SATURDAY: TWO PLAYS yet to see, one of them a Midsummer Night's Dream to which I don't quite look forward, having heard it's a bit too, well, revisionist in its "concept" production — we'll see tomorrow.
We've already seen one concept production, but it was so "conceptual" — that is, dominated by the producers' determination to impose their own extraneous unifying perspective onto Shakespeare's text — that it is in fact and proclaimedly an adaptation, and to my mind a successful one: a musical version of The Comedy of Errors set in "a town west of the Pecos" in a vaguely late-19th-century period.
Adapted by Penny Metropulos (who also directed) and with a score by Sterling Tinsley and lyrics by both (and additionally by Linda Alper, who also takes an important supporting role), the result seems laid onto the Shakespeare Festival repertory like a glove on a hand. It draws on the Festival's acting ensemble, its outdoor theater, even its history of Shakespeare productions (both "traditional" and revisionist), plays with them, profits from them, in a complex and rewarding way I haven't seen in a theater company since Berkeley Rep's self-examination Rep which ran its course back in the early 1980s, in the then-new thrust-stage theater on Addison Street, and then unfortunately disappeared so successfully I can't now find its author or production history.
This Comedy of Errors is so engaging and energetic it's impossible to complain about it. Tinsley's score, like much else in the production, pokes fun at itself as much as at other musicals; it incoporates familiar old hymns and folk-songs seamlessly with occasional Broadway-type ballads.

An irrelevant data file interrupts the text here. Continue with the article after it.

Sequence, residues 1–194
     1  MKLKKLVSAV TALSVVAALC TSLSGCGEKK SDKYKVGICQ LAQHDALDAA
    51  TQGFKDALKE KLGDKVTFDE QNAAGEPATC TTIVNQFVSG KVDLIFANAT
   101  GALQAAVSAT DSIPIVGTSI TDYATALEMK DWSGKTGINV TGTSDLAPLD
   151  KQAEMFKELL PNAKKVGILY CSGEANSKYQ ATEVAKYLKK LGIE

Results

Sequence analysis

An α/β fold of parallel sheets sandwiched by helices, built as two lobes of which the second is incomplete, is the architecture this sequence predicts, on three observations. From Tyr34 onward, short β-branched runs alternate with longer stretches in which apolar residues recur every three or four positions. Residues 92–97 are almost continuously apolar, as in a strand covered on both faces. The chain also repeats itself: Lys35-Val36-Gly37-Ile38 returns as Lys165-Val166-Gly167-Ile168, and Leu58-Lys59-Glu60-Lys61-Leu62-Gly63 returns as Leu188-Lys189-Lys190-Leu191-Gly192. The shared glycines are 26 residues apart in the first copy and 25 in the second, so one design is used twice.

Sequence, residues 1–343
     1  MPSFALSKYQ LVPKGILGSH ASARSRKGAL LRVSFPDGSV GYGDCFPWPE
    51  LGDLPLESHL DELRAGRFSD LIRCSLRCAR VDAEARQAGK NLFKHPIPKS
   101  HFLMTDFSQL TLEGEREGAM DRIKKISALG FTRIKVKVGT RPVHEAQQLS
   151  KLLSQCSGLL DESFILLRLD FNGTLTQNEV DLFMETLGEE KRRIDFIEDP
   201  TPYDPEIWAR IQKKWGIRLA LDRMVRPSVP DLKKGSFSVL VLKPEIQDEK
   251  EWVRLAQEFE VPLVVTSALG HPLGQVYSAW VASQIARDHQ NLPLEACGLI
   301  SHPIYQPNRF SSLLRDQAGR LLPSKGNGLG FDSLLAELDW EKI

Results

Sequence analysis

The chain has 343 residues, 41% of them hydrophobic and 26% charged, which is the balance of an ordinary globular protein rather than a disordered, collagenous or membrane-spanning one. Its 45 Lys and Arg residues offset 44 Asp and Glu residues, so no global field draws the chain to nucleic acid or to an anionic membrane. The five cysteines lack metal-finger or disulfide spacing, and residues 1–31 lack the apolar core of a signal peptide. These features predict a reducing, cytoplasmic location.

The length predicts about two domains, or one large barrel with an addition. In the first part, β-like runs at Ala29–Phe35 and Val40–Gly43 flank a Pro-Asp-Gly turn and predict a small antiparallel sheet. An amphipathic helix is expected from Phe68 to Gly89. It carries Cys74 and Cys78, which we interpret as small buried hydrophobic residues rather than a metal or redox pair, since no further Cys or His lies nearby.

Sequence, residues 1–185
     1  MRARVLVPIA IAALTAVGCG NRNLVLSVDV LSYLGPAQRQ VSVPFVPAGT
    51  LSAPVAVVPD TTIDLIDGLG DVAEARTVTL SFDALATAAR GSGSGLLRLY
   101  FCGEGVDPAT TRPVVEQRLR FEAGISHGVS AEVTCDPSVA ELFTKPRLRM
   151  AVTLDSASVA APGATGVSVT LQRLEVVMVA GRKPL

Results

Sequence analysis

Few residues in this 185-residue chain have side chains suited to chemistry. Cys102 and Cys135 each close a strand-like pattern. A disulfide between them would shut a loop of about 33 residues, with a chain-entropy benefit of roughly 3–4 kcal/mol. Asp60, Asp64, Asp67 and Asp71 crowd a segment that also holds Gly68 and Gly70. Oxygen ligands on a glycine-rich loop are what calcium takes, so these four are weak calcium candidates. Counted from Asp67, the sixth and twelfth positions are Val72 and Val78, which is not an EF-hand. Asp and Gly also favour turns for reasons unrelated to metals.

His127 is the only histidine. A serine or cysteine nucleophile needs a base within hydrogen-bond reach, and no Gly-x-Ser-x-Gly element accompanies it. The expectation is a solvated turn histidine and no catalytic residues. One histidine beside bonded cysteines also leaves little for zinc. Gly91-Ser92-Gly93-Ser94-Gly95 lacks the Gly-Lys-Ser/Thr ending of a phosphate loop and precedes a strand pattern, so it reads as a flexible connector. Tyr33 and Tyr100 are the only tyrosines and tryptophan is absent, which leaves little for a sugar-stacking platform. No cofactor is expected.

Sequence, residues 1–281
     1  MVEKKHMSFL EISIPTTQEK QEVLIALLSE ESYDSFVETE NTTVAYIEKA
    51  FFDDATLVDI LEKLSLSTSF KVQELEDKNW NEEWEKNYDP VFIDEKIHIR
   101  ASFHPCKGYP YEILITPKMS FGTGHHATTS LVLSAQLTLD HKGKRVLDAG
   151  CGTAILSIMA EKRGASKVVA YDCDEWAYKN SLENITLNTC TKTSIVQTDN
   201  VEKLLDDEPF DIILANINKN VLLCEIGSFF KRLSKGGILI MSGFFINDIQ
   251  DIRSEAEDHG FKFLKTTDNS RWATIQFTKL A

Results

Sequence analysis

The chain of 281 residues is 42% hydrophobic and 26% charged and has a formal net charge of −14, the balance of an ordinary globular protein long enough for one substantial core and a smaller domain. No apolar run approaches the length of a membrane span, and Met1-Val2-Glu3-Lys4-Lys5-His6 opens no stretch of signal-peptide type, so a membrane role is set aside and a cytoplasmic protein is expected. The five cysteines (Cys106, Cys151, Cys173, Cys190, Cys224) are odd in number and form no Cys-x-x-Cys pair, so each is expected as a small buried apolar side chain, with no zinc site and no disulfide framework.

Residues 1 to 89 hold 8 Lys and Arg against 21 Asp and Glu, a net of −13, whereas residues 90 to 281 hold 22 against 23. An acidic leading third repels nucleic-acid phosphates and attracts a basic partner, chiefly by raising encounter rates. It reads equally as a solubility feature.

The text is basically Shakespeare; the lyrics of some songs are apparently right out of the Folio. (Cole Porter's "I Am Ashamed That Women Are So Simple", from his Kiss Me Kate adaptation of The Taming of the Shrew, came often to mind; this Comedy of Errors was probably inspired partly by that example.) The plot remains Shakespeare's, too, though it's delivered in a raucous, movie-influenced Wild West setting.
I won't "review" the performances or cite the cast; OSF's webpage does that well enough: the cast was evenly matched, the two sets of twins remarkably persuasive physically; and even the addition of a sort of interlocutor, in the form of a Mexican troubador, and a Chinese merchant so stereotypical that any concern with political correctness is overcome by kitsch comedy — even these elements do much more to serve Shakespeare than to betray him. I'd see this production again.
Shakespeare:The Comedy of Errors, running at the Oregon Shakespeare Festival, Ashland, through Oct. 12.